Trials must not only be conducted by qualified individuals but also DESIGNED by qualified individuals. Individuals with different expertise and training may be needed across all phases of a clinical trial, and include a broad scope from Physician, ethicist,  CRA, CRC, Technology experts, specialist, statisticians – all qualified by education and training.

Principle 2.8

6. Quality should be built into the scientific and operational design and conduct of clinical trials.

QUALITY built in from the get go – from design through to conduct – everything must be considered and designed in such a way that it will assist you to reach the objective

Have plans in place to detect, address and prevent SERIOUS deviations to GCP, protocol, regulations.

Planning – planning – planning – design

Principle 2.13

7. Clinical trial processes, measures and approaches should be implemented in a way that is proportionate to the risks to participants and to the importance of the data collected.

BEYOND the scope of those of SOC. IP that has marketing authorization and is put back into a clinical trial may differ from routine care.

Principle 2.2

8. Clinical trials should be described in a clear, concise and operationally feasible protocol.

Not only the protocol but also the accompanying documents like the statistical analysis plan, the Data Management plan and the monitoring plan – all must be clear and concise and understandable.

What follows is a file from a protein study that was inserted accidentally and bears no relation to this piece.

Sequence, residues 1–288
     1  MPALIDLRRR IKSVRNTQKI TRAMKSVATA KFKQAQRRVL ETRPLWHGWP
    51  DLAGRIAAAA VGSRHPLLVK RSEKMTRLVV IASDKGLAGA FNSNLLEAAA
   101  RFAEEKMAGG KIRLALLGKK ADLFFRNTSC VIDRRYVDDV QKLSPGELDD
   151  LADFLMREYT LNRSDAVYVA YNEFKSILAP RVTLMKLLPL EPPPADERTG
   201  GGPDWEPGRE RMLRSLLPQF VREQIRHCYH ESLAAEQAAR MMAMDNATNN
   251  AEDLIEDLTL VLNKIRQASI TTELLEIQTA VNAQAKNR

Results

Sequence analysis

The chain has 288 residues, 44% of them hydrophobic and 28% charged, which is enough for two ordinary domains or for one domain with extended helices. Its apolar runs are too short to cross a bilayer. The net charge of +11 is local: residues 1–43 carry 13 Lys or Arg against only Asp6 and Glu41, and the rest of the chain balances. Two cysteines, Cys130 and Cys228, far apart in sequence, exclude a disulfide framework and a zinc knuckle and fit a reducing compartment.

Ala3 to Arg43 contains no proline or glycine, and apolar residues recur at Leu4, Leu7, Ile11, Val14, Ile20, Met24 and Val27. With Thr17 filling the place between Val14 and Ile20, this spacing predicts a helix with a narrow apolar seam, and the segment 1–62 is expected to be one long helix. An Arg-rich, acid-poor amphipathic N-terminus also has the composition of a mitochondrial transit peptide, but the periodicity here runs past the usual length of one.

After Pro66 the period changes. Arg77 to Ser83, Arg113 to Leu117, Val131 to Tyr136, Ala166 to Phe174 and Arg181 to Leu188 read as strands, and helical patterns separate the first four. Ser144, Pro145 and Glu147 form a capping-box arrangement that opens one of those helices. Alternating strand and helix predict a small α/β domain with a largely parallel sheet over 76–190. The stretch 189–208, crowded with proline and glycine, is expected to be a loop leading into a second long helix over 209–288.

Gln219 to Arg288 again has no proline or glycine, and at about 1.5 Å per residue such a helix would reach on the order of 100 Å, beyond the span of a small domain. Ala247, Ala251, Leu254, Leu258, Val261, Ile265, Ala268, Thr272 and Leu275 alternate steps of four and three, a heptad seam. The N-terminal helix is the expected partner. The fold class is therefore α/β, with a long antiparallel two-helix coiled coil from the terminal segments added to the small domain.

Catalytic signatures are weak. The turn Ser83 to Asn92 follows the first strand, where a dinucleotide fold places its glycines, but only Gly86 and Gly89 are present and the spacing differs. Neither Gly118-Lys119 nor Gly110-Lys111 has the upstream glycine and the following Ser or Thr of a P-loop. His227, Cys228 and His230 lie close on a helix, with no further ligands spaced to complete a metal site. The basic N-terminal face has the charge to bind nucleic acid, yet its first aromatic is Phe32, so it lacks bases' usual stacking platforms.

Principle 2.5

9. Clinical trials should generate reliable results.

Should produce reliable results so your electronic systems and protocol must be fit for purpose – and have well controlled systems in place to manage documentation – it must be traceable, personal information must be protected and info must be verifiable.

Processes should be operationally feasible and avoid unnecessary complexity, procedures, and data collection. Trial processes should support the key trial objectives – don’t add unnecessary procedures to the protocol and database.

Records to be retained securely by sponsor and Investigator (FOR THE REQUIRED TIME) – no specified period for archiving.

Transparency: register the trial on a publicly accessible and RECOGNISED database and publicly post the trial results.

Principle 2.10

10 . Roles and responsibilities in clinical trials should be clear and documented appropriately. (NEW)

Roles and responsibilities must be clear (the sponsor is responsible for… the CRO is responsible for… the PI is responsible for …) – documented in an agreement – but resides with the sponsor (when there is a delegated CRO)/PI (when there are delegated staff).

11. Investigational products used in a clinical trial should be manufactured in accordance with applicable Good Manufacturing Practice (GMP) standards and be stored, shipped, handled and disposed of in accordance with the product specifications and the trial protocol.

Put measures in place to ensure IP is manufactured acc to GMP – take care of how it is shipped, stored, handled and dispose of as per protocol.


Principle 2.12